To Save Trees From Climate Change, Researchers Try Assisted Migration
RENEE MONTAGNE, HOST:
In Canada, conservationists are performing a radical experiment to save some endangered trees from the impacts of climate change, moving them. It's called assisted migration. Scientists around the world are trying it with other plants and animals as well. Sally Aitken is a plant geneticist at the University of British Columbia. Seven years ago, she planted the seeds of a tree that was hurting as its environment warm to a place closer to its traditional habitat. She says those seeds have now grown into seedlings at a normal rate. She joined us from Vancouver. Good morning.
SALLY AITKEN: Good morning, Renee.
MONTAGNE: Tell us about the whitebark pine. That is the tree. And I gather it's endangered.
AITKEN: Yes, whitebark pine is a very special species that we find at high elevations. It's usually the uppermost tree-lined species in the West. It's involved with the grizzly bear food, it's dispersed by a single bird species, and it stabilizes snowpacks and plays many ecological roles in those environments.
MONTAGNE: So it does all those things, and yet now it is trying to survive in a warmer environment which has changed what to make it endangered.
AITKEN: Well, it's suffering from many challenges. The first is an introduced disease called white pine blister rust. The second is the mountain pine beetle. That's really expanded due to warmer winter temperatures. And the third is the effect of the warming climate on other species that are competing with it.
MONTAGNE: Seven years later, how is the whitebark pine doing in its new home, which is where?
AITKEN: So the new homes, we put them in our up to 500 miles north of the natural range. And the last time they were visited, some of those trees were doing quite well. We need to reassess them and see if they have continued to do well, survive and grow.
MONTAGNE: This would seem to be controversial partly because many scientists are very concerned about introducing species outside their environment. Are you worried that the whitebark pine could itself someday become invasive?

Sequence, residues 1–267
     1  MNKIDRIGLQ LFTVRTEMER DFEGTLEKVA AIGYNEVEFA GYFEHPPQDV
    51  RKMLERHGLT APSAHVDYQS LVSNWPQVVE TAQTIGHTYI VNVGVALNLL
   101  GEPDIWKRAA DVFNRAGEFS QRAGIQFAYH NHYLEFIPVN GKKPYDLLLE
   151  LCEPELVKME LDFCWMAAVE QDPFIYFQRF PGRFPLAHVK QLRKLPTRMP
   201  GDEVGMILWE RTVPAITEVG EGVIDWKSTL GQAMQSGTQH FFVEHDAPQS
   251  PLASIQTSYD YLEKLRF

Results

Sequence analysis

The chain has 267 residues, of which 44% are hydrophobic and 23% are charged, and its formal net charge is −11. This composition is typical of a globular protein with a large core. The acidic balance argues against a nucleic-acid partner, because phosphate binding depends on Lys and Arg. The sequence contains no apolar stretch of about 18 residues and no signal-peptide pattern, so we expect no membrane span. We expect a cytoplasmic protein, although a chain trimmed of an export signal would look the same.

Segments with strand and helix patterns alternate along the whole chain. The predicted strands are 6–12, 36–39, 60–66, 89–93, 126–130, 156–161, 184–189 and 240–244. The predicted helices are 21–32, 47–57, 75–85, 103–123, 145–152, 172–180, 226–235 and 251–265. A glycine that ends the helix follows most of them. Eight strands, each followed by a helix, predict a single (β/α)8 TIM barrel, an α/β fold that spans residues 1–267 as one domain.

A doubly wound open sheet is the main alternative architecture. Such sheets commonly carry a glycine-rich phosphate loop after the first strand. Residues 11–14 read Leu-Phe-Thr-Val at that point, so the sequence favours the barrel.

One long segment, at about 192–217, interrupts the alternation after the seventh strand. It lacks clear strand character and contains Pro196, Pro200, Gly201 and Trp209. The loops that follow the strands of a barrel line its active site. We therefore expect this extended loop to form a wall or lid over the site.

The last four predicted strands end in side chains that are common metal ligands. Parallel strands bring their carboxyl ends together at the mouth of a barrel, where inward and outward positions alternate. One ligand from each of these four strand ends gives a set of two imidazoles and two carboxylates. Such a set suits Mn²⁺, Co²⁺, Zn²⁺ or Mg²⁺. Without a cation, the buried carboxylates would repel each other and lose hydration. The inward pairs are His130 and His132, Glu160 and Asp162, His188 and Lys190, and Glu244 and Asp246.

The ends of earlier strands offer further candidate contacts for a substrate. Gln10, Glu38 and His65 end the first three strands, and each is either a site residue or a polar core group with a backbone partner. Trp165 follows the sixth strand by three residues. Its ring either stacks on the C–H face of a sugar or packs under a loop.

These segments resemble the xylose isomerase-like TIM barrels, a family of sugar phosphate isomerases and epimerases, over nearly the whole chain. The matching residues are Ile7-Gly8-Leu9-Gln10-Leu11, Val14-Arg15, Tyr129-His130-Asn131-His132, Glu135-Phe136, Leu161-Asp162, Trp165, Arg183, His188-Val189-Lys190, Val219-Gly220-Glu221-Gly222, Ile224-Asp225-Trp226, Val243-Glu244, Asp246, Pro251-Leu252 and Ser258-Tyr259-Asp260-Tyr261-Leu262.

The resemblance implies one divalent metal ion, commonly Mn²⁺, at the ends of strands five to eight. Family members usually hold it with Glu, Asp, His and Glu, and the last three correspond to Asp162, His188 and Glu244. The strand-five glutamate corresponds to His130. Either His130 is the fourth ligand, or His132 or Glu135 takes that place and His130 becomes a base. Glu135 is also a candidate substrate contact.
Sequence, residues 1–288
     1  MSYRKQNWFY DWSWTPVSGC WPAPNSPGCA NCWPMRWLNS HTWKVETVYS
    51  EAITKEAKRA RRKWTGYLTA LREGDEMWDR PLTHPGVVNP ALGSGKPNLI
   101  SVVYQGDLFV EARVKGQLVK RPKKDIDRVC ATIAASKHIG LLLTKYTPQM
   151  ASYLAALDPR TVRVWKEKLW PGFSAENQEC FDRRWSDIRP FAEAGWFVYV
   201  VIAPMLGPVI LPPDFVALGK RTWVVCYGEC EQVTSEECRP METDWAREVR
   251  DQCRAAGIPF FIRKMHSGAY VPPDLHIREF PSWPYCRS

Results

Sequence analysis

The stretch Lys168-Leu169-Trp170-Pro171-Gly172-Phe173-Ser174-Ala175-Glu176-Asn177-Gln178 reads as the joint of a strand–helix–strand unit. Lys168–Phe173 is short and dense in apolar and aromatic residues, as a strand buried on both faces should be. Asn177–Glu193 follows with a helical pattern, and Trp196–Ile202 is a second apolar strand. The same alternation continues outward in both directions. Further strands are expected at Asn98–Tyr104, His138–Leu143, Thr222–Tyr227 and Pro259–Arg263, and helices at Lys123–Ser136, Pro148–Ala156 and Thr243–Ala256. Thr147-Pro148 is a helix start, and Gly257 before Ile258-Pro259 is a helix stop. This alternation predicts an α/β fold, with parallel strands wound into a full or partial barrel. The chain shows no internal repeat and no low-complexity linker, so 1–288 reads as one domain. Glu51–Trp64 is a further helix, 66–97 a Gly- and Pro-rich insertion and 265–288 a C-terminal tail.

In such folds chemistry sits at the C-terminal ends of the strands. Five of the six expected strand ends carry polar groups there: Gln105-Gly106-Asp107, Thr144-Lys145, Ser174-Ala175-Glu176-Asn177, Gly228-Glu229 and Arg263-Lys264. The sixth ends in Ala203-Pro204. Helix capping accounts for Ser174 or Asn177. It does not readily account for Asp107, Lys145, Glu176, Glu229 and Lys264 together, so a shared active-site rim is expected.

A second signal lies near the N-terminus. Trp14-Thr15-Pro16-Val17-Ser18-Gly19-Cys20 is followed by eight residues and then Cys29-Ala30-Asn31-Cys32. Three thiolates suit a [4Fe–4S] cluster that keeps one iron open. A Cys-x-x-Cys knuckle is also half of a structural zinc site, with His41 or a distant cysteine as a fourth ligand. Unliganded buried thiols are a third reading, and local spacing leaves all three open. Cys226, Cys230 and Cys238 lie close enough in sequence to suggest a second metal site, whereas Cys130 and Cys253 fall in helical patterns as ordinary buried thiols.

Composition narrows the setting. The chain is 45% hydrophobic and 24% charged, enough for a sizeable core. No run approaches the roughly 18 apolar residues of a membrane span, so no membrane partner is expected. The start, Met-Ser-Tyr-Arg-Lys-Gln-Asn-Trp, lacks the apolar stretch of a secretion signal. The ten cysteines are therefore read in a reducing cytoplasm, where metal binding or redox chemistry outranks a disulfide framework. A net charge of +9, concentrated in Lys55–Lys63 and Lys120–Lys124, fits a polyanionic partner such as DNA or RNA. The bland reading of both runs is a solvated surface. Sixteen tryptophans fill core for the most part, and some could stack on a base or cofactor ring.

AITKEN: The whitebark pine, specifically, is quite unlikely to become highly invasive. It's a very slow-growing and very slow-to-reproduce tree. And it's growing in very cold environments that don't favor much growth and reproduction.
MONTAGNE: Now you mentioned a bird, and this I gather. The seeds of the whitebark pine are usually spread by this bird called a Clark's Nutcracker. What if everything goes well? Would the next step be to introduce the birds into the area where you've transplanted the trees?
AITKEN: Well, it's an interesting thing that the birds have not already moved whitebark pine farther north. So these climates, there are areas that the climate's been favorable in the past for whitebark, but it hasn't gotten there yet. And that probably is to do with the bird. I don't think we're going to be moving the birds. But if we made the decision to establish populations farther north, the birds may move into those areas and then assist with further dispersal.
MONTAGNE: Still, it is a dramatic image of the future, that is trees being helped to move.
AITKEN: It is absolutely. And trees can migrate species ranges. They've done that since the last Ice Age, maybe 100 yards a year at the fastest, but it's not fast enough to keep up with climate change. Really, the whitebark pine is one example of what we might have to do on a much larger scale, moving species farther north into these areas that they can't disperse into and establish in quickly enough.
MONTAGNE: Well, thank you very much for talking with us.
AITKEN: You're very welcome.
MONTAGNE: Sally Aitken is head of the Centre for Forest Conservation Genetics at the University of British Columbia. Transcript provided by NPR, Copyright NPR.